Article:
Continuing Professional Education
I recently attended an education conference hosted by the Internal Revenue Service. I suffered through hours of classes each day, but was rewarded with San Diego evenings and a sunset on an ocean beach.
Tax return preparers are required to have a PTIN, or preparer tax identification number. Other than that, there aren't really any requirements to be a paid tax return preparer. That's kind of scary!
Imagine asking your landscaper to repair wires in your breaker box, or your barber to replace your transmission. No thanks! While these people might all be experts in their fields, it is their experience and knowledge that make them good at their day jobs. The phrase "Knowledge is power" is true, even in the world of accounting and tax preparation.
Here is a quick review of the levels of continuing education requirements.
To be a paid tax return preparer, nothing more is required than obtaining a PTIN. There are no education requirements.
Participants in the IRS's Annual Season Filing Program must obtain 18 hours of education to be included in a public database of return preparers on the IRS website. No credentials are required; these preparers just have a desire to hold themselves to a higher standard than other uncredentialed preparers.
If someone has signed up with the IRS to be a Registered Tax Return Preparer they must first pass a test. Then they are able to participate in the Annual Season Filing Program, but they only need 15 hours of education to satisfy IRS requirements.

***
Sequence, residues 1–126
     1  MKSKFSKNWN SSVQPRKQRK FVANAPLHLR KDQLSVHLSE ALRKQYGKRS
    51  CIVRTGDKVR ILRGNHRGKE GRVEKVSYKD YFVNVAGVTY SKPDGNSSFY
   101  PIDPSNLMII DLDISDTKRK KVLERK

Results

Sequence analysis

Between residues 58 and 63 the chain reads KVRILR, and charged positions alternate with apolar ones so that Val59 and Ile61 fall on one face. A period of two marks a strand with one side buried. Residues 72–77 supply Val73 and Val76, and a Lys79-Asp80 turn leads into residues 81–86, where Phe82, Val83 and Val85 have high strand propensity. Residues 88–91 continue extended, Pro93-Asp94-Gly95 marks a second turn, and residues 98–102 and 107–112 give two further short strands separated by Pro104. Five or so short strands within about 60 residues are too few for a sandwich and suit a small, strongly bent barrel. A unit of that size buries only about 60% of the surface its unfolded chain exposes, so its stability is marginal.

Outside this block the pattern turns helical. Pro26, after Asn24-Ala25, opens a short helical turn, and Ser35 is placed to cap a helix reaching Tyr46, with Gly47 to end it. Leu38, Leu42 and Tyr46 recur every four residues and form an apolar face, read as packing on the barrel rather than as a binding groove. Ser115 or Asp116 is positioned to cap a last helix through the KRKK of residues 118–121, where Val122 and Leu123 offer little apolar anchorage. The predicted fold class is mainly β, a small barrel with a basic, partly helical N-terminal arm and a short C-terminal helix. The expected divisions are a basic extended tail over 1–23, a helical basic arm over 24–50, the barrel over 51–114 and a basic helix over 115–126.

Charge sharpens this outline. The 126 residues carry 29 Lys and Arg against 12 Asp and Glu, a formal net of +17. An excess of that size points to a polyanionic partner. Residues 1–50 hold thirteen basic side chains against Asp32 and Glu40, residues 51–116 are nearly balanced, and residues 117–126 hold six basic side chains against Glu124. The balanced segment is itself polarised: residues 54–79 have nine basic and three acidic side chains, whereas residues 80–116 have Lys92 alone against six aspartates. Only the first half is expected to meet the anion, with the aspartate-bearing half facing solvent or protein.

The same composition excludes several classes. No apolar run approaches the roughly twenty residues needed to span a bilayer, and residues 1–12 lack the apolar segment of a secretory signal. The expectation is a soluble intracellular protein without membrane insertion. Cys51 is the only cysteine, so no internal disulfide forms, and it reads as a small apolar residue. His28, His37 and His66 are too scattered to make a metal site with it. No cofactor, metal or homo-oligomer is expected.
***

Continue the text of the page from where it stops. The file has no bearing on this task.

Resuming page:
Enrolled Agents (EAs) must also pass an IRS test, and are required to obtain 72 hours of education in a three year period, with no fewer than 16 hours per year. That averages to 24 hours per year to meet the requirement.
While requirements may vary by state, Utah requires Certified Public Accountants (CPAs) to pass multiple tests to become licensed, and then obtain 80 hours of education in a two year period. That averages to 40 hours per year to meet the requirement!
As a side note, I should point out that these are only the *continuing education requirements. While almost all of these require passing some sort of test, a CPA must first obtain 150 university credit hours. Most professionals accomplish that when they receive a Masters degree in Accounting, Tax, or a related field.
So if you need the pipes in your house replaced, call a plumber. And if you need tax and accounting services, call a CPA.
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